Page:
Tuesday, January 03, 2006

Alliance Gaming (AGI)

In my opinion, one of the most useful investing blogs is footnoted.org. It hones in on corporate abuses, especially over-the-top executive compensation.

In its latest note, footnoted highlights Alliance Gaming (AGI) To quote:

Alliance Gaming (AGI) which filed its very late K (fiscal year ended June 30) on Friday disclosed that an informal investigation launched by the SEC back in February had turned into a formal investigation in August. Yet they waited until Dec. 30 to tell investors about this change. Granted SEC investigations aren’t always a smoking gun, but given that most other companies tend to let investors know about this sort of thing and many even put out an 8-K when the SEC launches an informal investigation, it seems more than unfortunate that Alliance would try to bury this.”

The 10-K is noteworthy in its stinging views of internal controls, or rather the lack of them. It cites the following areas of inadequacy:

Inadequate staffing and training in finance and accounting:
Ineffective controls related to the preparation of certain account analyses, account summaries and account reconciliations:
Inadequate controls related to revenue recognition:
Inadequate controls related to inventory valuation:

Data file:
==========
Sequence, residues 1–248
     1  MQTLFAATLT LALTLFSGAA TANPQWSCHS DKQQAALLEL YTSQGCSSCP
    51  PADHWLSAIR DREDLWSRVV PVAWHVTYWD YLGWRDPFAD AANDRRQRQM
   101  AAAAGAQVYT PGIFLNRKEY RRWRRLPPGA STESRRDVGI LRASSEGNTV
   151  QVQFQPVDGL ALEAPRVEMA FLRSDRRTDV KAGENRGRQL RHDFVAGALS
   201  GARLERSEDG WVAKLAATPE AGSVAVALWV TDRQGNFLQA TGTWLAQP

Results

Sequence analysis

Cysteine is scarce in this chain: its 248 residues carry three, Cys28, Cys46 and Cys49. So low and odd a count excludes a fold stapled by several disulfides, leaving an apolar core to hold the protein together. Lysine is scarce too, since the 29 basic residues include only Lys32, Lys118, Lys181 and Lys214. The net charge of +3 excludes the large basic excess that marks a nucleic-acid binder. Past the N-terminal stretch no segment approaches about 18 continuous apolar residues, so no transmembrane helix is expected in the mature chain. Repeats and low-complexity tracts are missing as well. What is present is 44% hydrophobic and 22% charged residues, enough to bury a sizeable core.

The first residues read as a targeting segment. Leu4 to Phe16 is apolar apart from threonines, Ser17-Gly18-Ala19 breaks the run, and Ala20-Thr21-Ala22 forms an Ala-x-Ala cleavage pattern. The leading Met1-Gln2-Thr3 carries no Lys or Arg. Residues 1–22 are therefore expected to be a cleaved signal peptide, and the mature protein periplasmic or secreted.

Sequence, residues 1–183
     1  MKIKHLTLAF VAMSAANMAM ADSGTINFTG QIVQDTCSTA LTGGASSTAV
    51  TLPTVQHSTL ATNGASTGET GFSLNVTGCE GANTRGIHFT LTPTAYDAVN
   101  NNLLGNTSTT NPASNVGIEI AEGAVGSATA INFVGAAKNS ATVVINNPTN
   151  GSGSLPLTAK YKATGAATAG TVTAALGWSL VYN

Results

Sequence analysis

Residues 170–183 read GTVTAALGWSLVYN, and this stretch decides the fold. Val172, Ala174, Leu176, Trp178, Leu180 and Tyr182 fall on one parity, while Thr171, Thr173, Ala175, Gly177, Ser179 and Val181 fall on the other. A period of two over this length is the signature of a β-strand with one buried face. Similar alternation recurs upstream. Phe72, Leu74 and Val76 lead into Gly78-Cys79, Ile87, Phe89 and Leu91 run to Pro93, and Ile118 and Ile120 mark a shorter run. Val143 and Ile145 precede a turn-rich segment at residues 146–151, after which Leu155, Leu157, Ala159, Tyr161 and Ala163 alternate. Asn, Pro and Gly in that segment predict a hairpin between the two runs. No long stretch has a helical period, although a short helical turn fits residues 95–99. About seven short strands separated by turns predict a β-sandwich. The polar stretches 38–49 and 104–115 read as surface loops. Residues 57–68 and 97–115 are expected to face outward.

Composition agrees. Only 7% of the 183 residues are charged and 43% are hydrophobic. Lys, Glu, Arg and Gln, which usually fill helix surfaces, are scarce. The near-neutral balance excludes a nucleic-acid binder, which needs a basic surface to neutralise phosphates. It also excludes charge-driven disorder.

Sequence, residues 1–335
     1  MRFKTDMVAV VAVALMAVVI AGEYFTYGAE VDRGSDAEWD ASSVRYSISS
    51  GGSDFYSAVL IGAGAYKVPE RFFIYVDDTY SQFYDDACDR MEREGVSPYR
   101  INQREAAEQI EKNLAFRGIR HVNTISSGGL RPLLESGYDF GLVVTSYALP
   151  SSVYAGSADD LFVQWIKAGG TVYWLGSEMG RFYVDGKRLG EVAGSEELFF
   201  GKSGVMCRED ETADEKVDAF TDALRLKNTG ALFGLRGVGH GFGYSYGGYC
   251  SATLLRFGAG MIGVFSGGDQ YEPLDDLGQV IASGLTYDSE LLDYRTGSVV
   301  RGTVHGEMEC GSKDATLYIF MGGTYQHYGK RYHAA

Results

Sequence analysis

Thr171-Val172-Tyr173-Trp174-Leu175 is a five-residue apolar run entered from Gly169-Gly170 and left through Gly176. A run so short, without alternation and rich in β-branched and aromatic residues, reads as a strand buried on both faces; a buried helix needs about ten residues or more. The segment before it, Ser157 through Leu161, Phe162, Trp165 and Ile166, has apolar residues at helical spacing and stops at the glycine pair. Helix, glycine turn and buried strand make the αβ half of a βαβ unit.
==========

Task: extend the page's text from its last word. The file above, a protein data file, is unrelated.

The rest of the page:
Ineffective controls related to income taxes:
Ineffective controls at the entity level:

To be fair, the K states that as of December 2005, we have begun to implement …actions.

The inadequacies in internal controls necessitated a six month delay in revealing the financials as they existed. Looking at the financials, I can understand why!

Last year, the company had a loss at the operating line of $5.7 million versus the June 2004 FY operating profit of $92 million and the prior year’s $71 million.

Interest expense for 2005 amounted to $18.2 million versus $17.9 million the previous year despite total debt being paid down to about $325 million from levels of 2004 of $423 million. The K also mentions that the leverage ratio maximum limit for its bank debt covenant is 4.75 times versus its current (June 2005) actual ratio of 4.6 times. Net working capital has declined to $129 million versus June 2004’s $262 million.

As of June 2005, shareholders equity was $179 million but goodwill of $161 million and intangibles of about $50 million leaves negative tangible equity of negative $32 million.

The company does appear to have made some inroads with some new contract wins recently. Nevertheless, competition in this sector has been growing and gross margins have been sliding. A business with operating losses and a tight bank covenant is of little interest to me.

I do find it interesting that a company which has had such stale financials currently has 14 analysts covering it, versus last year’s 4 analyst coverage. Do I smell further capital issuance and restructuring???


Post a Comment

<< Home

< ? Market Blogs £ >